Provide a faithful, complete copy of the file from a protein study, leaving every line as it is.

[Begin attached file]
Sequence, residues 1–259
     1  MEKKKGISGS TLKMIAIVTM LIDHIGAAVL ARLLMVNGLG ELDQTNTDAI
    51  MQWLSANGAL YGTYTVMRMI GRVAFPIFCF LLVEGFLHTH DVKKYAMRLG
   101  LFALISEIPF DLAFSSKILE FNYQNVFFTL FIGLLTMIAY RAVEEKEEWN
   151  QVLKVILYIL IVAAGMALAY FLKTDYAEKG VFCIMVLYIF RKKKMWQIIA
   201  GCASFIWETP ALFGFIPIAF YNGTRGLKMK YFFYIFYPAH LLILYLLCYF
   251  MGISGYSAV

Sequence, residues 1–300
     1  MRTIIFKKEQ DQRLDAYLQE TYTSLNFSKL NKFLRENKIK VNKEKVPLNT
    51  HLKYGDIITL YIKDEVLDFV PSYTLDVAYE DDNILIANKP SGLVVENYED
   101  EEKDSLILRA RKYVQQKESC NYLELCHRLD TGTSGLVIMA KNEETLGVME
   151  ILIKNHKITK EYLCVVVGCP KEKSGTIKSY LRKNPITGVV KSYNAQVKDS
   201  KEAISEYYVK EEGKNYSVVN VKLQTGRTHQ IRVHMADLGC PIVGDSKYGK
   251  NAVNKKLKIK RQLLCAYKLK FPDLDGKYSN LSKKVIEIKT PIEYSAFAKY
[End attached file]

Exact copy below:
Sequence, residues 1–259
     1  MEKKKGISGS TLKMIAIVTM LIDHIGAAVL ARLLMVNGLG ELDQTNTDAI
    51  MQWLSANGAL YGTYTVMRMI GRVAFPIFCF LLVEGFLHTH DVKKYAMRLG
   101  LFALISEIPF DLAFSSKILE FNYQNVFFTL FIGLLTMIAY RAVEEKEEWN
   151  QVLKVILYIL IVAAGMALAY FLKTDYAEKG VFCIMVLYIF RKKKMWQIIA
   201  GCASFIWETP ALFGFIPIAF YNGTRGLKMK YFFYIFYPAH LLILYLLCYF
   251  MGISGYSAV

Sequence, residues 1–300
     1  MRTIIFKKEQ DQRLDAYLQE TYTSLNFSKL NKFLRENKIK VNKEKVPLNT
    51  HLKYGDIITL YIKDEVLDFV PSYTLDVAYE DDNILIANKP SGLVVENYED
   101  EEKDSLILRA RKYVQQKESC NYLELCHRLD TGTSGLVIMA KNEETLGVME
   151  ILIKNHKITK EYLCVVVGCP KEKSGTIKSY LRKNPITGVV KSYNAQVKDS
   201  KEAISEYYVK EEGKNYSVVN VKLQTGRTHQ IRVHMADLGC PIVGDSKYGK
   251  NAVNKKLKIK RQLLCAYKLK FPDLDGKYSN LSKKVIEIKT PIEYSAFAKY